In Young v. United Parcel Services, Inc., No. 10-4156 (10th Cir. 2011), the plaintiff, Deanne Young (“Young”), was appealing the district court’s dismissal of her claim under ERISA for short-term disability benefits. This dismissal was based on a provision, found in the summary plan description (the “SPD”) for the United Parcel Service Inc. Flexible Benefits Plan (the “Plan”), which imposed a deadline on the time for filing a lawsuit. The Tenth Circuit Court upheld this provision and affirmed the district court’s dismissal of Young’s claim.
Young had applied for and received short-term disability (“STD”) benefits under the Plan, beginning on December 17, 2007. AETNA Life Insurance Company (“Aetna”) is the claims administrator under the Plan for STD claims. On March 20, 2008, AETNA sent Young a letter stating that it had not received medical information supporting a disability beyond March 11, 2008. Young’s STD benefits therefore terminated after that date. AETNA’s letter indicated that Young could appeal its determination by filing a written request within 180 days. Young filed a first-level appeal, which was denied by AETNA on May 12, 2008, in a letter informing her that she had 60 days to file a further appeal. Young’s second-level appeal was denied by the UPS Claims Review Committee (“the Committee”) on October 17, 2008. The Committee’s letter informed her that she might have a right to sue under ERISA, but it did not indicate any deadline for filing suit. Young filed this action almost a year later, on September 8, 2009. But was this action barred by the provision in the SPD which imposed a deadline on the time for bringing suit?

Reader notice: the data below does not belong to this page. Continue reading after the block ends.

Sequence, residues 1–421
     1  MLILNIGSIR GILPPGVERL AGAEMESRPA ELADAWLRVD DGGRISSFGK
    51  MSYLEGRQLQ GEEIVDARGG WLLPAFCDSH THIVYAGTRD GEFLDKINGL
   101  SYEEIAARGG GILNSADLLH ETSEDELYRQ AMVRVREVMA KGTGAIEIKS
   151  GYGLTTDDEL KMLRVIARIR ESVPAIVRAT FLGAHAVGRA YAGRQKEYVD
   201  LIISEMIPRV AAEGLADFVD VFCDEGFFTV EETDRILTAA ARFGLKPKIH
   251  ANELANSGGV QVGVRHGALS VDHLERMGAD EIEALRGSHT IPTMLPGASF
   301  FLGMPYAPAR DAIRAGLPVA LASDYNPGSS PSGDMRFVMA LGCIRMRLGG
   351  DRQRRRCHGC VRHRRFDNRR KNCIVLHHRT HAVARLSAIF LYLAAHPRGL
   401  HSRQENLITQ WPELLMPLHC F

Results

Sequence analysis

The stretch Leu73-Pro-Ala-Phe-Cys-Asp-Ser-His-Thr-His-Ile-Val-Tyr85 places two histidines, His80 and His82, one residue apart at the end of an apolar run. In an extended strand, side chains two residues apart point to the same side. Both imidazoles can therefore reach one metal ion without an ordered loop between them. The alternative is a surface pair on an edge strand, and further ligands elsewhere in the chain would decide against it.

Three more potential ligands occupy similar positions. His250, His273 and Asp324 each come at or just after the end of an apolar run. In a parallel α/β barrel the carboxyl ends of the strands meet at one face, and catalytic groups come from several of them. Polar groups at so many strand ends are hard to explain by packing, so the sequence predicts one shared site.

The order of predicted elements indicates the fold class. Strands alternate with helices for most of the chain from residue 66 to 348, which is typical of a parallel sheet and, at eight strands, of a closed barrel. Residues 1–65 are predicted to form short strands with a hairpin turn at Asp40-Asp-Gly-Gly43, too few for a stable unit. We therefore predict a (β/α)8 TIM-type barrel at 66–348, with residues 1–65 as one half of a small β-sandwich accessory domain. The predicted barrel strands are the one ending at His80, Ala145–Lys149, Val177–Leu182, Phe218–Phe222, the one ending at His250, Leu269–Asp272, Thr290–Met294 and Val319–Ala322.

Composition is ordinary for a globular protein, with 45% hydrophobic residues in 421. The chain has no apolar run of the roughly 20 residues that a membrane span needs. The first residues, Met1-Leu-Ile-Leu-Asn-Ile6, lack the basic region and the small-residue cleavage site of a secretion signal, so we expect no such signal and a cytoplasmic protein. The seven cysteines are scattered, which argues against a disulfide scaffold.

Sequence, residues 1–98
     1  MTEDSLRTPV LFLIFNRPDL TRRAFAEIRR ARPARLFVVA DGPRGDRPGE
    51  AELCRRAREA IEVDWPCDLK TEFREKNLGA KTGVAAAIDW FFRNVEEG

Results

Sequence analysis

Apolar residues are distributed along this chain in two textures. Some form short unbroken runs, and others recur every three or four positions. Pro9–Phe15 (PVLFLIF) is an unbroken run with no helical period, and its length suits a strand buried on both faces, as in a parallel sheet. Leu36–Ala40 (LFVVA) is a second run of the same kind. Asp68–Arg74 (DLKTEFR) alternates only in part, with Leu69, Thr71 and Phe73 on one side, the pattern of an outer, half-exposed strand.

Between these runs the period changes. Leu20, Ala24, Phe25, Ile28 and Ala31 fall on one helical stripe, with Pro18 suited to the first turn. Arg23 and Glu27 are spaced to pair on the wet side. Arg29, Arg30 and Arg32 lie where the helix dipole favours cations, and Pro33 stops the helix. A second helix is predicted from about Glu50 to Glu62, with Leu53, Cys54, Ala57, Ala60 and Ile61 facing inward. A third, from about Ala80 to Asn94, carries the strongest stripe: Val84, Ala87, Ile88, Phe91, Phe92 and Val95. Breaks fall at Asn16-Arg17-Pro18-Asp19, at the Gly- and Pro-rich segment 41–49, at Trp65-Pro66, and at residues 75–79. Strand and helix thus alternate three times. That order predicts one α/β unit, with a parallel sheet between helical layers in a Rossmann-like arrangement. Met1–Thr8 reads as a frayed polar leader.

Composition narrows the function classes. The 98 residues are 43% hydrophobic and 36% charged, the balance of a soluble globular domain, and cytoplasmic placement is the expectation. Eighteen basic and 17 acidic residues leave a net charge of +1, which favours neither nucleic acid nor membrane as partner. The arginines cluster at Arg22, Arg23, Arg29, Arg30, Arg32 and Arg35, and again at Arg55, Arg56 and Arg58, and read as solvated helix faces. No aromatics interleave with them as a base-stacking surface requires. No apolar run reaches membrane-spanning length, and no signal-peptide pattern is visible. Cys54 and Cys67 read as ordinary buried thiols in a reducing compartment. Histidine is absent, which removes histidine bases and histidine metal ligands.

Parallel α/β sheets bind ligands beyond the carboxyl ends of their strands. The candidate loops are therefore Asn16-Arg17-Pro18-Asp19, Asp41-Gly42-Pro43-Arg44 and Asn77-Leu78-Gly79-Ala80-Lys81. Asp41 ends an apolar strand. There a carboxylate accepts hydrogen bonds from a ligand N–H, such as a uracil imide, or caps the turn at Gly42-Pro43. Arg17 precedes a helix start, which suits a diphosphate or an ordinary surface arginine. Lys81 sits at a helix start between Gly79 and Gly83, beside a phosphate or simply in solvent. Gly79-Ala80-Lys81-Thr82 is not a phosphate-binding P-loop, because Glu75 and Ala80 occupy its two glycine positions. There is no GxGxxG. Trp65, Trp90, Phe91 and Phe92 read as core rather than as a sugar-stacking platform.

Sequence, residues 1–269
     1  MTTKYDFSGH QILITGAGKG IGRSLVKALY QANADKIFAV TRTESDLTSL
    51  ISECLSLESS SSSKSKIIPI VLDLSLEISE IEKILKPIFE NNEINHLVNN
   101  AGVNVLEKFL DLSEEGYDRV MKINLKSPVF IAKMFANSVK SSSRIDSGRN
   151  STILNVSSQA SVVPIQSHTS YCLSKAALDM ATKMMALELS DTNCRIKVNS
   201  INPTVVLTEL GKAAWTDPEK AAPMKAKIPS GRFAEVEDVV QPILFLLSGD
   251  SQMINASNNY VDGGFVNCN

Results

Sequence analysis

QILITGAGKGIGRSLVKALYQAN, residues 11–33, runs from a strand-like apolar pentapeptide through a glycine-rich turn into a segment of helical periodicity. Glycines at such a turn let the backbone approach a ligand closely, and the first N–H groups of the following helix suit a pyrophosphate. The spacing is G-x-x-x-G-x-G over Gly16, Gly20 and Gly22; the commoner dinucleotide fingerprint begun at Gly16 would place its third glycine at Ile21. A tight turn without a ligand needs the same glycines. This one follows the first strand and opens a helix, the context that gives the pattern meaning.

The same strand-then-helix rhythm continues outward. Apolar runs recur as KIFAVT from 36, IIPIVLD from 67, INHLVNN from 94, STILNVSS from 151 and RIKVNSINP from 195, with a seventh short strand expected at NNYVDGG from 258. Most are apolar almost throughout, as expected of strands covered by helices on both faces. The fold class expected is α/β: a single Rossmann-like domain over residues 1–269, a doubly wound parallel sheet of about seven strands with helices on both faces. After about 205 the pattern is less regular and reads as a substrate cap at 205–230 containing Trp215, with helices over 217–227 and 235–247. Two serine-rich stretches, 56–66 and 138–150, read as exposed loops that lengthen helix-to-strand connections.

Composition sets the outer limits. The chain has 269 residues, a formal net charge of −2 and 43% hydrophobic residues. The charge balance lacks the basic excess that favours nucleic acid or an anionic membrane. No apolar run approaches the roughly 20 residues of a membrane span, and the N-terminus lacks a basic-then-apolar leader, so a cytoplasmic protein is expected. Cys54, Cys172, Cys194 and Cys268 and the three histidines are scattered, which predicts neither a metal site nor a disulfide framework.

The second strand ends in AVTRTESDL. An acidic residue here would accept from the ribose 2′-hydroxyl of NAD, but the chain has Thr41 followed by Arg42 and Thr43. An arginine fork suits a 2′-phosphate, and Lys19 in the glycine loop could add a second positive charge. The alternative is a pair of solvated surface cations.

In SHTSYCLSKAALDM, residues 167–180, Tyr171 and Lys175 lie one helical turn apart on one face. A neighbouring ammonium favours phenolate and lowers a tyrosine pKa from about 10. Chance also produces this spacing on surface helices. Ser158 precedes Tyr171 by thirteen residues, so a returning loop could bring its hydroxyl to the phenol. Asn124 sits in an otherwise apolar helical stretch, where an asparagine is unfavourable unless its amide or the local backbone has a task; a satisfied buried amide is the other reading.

The SPD stated that any legal action to receive Plan benefits must be filed by the earlier of:
• six months from the date a determination is made under the Plan, or • three years from the date the service or treatment was provided or the date the claim arose, whichever is earlier.
The SPD further stated that the failure to file suit within this time limit results in the loss/waiver of the right to file suit. Under this provision, Young’s time to file her action expired on April 17, 2009, six months after the date of the Committee’s letter denying her second-level appeal.
In analyzing the case, the Court said that, since ERISA does not contain a statute of limitations for private enforcement actions, courts generally apply the most closely analogous statute of limitations under state law. However, parties to an ERISA plan are free to include a reasonable contractual limitation in the plan on the period for bringing an action. In this case, the Plan specifically incorporated the SPD, and stated that, if the terms of the Plan and the SPD conflict, the SPD shall govern. Thus, the language in the SPD does not improperly amend the Plan. The provision containing the deadline for bringing suit is not ambiguous and was put in an appropriate place in the SPD. Since the SPD states only that notice will be provided regarding the time limits applicable to the appeal procedures, the Committee did not breach any duty by failing to include the deadline for filing suit in the second-level denial letter. Implicitly, the Court did not find anything unreasonable about the deadline established by the SPD. As such, the Court upheld the deadline.